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CII backtracks on exclusive deal

CII backtracks on exclusive deal

The Chartered Insurance Institute has backed down after launching a pilot unit exclusively for one advice company caused a furore among the adviser community. 

But what prompted the U-turn and why was the pilot controversial? 

The CII had been working with St James’s Place to launch a level six inclusive financial planning unit tailored to advisers working with vulnerable clients, with the intention of launching it to the wider market after two years. 

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But in mid-September the CII confirmed it would now be opening the pilot to the wider membership in response to adviser backlash at the prospects of it being exclusive to SJP. 

A spokesperson for the CII says: “We fully understand the initial reaction and criticism regarding this unit being positioned as exclusive to SJP when in fact it was the launch of a pilot with the CII working in collaboration with SJP.”

The spokesperson adds: “Other coursework-based units are £465, but this is a pilot unit, so £350 will be charged with the aim of accelerating the completion of the testing period to make sure this unit is widely available to all CII members as soon as possible.”

Pilot unit 

The CII says SJP invested into developing the pilot unit, but the CII declined to disclose the size of the investment.

The pilot unit is intended to help financial advisers reach their chartered status.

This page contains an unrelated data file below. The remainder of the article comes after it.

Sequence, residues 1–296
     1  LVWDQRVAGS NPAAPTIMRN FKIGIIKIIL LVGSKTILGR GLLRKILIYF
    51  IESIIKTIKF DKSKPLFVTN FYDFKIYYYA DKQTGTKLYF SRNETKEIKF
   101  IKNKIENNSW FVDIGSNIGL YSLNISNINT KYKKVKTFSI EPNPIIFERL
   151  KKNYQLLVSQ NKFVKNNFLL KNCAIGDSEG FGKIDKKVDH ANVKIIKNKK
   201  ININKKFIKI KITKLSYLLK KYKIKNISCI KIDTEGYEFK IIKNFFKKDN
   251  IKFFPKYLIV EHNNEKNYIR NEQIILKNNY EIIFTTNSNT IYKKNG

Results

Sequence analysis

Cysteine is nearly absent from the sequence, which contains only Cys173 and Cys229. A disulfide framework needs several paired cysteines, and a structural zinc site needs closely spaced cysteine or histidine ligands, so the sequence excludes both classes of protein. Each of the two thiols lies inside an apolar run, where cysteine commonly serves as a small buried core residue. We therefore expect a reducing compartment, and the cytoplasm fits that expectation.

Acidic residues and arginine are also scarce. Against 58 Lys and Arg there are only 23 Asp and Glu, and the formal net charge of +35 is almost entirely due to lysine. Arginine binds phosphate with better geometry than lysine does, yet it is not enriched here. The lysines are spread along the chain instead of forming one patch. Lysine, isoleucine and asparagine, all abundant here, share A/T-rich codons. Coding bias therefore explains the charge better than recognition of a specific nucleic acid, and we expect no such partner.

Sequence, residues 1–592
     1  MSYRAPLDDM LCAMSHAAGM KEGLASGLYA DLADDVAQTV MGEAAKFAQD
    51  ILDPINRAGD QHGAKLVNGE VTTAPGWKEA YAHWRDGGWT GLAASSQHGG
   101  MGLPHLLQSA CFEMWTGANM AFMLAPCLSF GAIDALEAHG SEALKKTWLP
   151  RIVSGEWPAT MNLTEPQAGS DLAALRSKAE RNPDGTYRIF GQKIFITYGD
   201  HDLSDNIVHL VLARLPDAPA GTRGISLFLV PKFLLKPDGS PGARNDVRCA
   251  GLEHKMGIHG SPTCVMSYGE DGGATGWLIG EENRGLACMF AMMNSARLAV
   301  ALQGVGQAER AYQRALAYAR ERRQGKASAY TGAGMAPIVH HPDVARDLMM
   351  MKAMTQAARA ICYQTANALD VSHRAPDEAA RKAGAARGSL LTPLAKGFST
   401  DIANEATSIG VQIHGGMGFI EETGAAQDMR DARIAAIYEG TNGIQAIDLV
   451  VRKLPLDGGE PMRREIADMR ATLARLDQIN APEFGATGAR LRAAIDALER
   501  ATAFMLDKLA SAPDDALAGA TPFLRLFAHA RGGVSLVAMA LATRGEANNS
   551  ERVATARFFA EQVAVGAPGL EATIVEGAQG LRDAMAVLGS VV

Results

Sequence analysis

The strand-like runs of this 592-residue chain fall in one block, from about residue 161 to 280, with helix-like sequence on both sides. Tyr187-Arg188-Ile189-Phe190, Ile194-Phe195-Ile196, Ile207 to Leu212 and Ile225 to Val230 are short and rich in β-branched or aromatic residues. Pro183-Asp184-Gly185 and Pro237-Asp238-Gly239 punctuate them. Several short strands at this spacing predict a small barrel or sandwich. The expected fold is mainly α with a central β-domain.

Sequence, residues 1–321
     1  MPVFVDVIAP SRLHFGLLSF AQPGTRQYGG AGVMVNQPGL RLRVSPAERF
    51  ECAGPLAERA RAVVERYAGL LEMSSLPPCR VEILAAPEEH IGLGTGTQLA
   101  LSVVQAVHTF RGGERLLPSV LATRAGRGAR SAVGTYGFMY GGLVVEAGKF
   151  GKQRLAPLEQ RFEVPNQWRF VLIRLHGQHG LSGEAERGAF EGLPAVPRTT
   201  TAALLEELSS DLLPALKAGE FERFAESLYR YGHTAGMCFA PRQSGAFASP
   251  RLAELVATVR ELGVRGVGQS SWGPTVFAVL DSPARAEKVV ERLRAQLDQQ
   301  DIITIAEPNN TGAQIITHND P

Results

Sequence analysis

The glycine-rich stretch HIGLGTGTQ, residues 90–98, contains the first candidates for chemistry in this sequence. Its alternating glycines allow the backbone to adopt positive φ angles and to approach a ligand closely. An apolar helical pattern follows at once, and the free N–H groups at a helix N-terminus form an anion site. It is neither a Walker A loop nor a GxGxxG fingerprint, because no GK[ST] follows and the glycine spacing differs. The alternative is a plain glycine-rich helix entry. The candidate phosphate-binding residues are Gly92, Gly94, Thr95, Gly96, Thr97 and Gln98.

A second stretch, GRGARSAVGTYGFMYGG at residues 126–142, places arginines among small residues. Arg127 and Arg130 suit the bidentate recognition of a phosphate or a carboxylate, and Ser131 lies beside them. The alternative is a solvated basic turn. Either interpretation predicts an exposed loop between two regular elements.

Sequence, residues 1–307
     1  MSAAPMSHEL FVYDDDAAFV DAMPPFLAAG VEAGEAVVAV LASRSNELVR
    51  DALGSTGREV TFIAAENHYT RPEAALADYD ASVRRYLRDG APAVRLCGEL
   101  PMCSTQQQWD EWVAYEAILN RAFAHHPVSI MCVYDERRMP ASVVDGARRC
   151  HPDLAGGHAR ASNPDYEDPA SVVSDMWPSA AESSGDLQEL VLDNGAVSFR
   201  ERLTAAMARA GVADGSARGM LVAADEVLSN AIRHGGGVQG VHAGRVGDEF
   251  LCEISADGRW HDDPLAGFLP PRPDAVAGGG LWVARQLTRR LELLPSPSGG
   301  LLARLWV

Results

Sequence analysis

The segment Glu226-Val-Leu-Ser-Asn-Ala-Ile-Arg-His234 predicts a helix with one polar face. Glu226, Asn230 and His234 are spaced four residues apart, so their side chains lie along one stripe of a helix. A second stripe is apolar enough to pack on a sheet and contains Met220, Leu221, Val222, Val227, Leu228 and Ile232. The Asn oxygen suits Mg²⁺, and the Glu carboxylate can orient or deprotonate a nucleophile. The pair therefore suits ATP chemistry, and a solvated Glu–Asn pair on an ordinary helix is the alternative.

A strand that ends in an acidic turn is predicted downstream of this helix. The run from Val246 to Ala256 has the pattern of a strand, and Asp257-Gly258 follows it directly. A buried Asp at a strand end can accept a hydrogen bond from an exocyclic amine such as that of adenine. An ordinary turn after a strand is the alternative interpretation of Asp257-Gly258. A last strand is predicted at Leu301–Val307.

But has the industry supported the opening of the unit?

Key Points

• The CII recently backed down over the launch of a exclusive pilot qualification with SJP.

• Advisers responded strongly to the news.

• Vulnerability is becoming a big issue for financial advisers.

Most advisers have welcomed the CII’s decision to launch the unit, but noted they found the initial exclusivity to be unfair. 

David Bebb, chartered financial planner at Pannells Financial Planning, says: “I fully support the decision. I can only see it as a positive to open this unit for the wider adviser community, ultimately to help raise standards across the profession instead of within just one business.”

Sesame Bankhall Group recently developed an apprenticeship scheme in collaboration with Simply Academy, also welcomed the move. 

“It is good to see the CII broadening its approach with the development and roll-out of its new qualification,” says a Sesame Bankhall spokesperson.

“Demand for further knowledge on the effective support of vulnerable customers is high-up on advisers’ agenda. This is something we are also responding to by increasing the support available for advisers through our training and development programme.”

But the launch raised the question whether an institution such as the CII should be developing an exclusive qualification with an advice company in the first place.

The Chartered Institute for Securities and Investments says it does not offer exclusive exam deals with anyone.